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Leaving a Fracture Untreated: What You Should Know

Leaving a Fracture Untreaded

During a rough game of football, your shin gradually starts to ache more and more, until you almost can’t bear to put weight on it. Though you don’t recall a specific moment where your leg snapped or bent the wrong way, it’s starting to hurt terribly and you’re pretty sure it’s broken.

But do you really need to visit a doctor? Do small fractures heal on their own? Here’s what you should know about leaving a fracture untreated and why it’s always a good idea to get it checked out.

How Fractures Heal

Your bones are amazing. If you broke a ceramic plate, you couldn’t put the pieces next to each other and expect them to grow back together over the next few weeks. But that’s exactly how fractures heal. Your skeleton has the ability to repair itself.

However, it does need some help. When you break a bone, the pieces might get out of alignment in the process, so a doctor has to X-ray your fracture and make sure the bones are set correctly. If they’re out of alignment, the doctor will put them back in the correct position. You might need surgery to accomplish this.

Diagnosing a Broken Bone

How do you know if you have a fracture? The best way is to get an X-ray. The symptoms that might cause you to see a doctor include pain, redness, bruising, deformity, or swelling, which are all signs of a broken bone.

If your injury is sensitive to weight, such as when you take a step forward on your injured leg, that’s another sign of a fracture. The pain might worsen as time goes on.

Categories of Fractures

There are several different types of fractures. They can be categorized by the direction or shape of the fracture itself, including:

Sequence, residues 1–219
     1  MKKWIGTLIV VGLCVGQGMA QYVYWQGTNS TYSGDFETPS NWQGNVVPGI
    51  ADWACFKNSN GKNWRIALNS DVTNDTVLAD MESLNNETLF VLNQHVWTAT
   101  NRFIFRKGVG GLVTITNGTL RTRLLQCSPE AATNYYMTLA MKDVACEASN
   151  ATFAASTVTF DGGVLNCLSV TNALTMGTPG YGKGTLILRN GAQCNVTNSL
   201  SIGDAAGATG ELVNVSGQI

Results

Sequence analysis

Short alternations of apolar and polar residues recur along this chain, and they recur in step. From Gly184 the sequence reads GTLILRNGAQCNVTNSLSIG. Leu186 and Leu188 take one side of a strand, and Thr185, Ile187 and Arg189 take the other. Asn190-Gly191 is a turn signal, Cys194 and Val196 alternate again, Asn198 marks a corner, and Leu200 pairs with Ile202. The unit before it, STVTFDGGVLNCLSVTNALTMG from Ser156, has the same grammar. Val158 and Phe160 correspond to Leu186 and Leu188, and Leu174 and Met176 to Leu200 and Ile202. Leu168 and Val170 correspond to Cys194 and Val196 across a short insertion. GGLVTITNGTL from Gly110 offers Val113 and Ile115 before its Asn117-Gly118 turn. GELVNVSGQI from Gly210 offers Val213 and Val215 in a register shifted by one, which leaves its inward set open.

• Oblique: A diagonal break.
  • Transverse: A horizontal break.
  • Linear: A vertical break. In other words, a vertical crack runs down the length of the bone.
  • Spiral: The fracture curves around the bone.
  • Comminuted: The bone breaks into multiple shards at the site of the fracture.
  • Segmental: Two fractures occur on the same bone, but in different spots, causing the middle section to be loose.
  • Greenstick: Only seen in children, this is when the bone bends but doesn’t break all the way through. It just cracks on one side.

Fractures can also be classified by what caused them. They can be:

  • Traumatic: Too much force was applied to a healthy bone, all at once.
  • Pathological: A normal amount of force was applied to a diseased bone.
  • Hairline: A normal amount of force was applied to a healthy bone, but repeatedly over time. Also called a stress fracture, this is common in athletes and people with osteoporosis. It’s characterized by a gradual achiness and a bruised feeling that increases with activity and is relieved with rest. Later, it becomes tender to the touch, eventually turning into a constant ache. It often occurs in the shins and feet but can affect any bone.

The Importance of Seeing a Doctor

Whether your bones are already lined up correctly or you need medical help to realign them, you may need a cast to hold your bones still. It helps you keep them in the right position over the next few weeks or months. This is very important. If your body tries to heal itself while your bones aren’t lined up properly, you can end up with a permanent deformity as your fracture heals, if it does at all.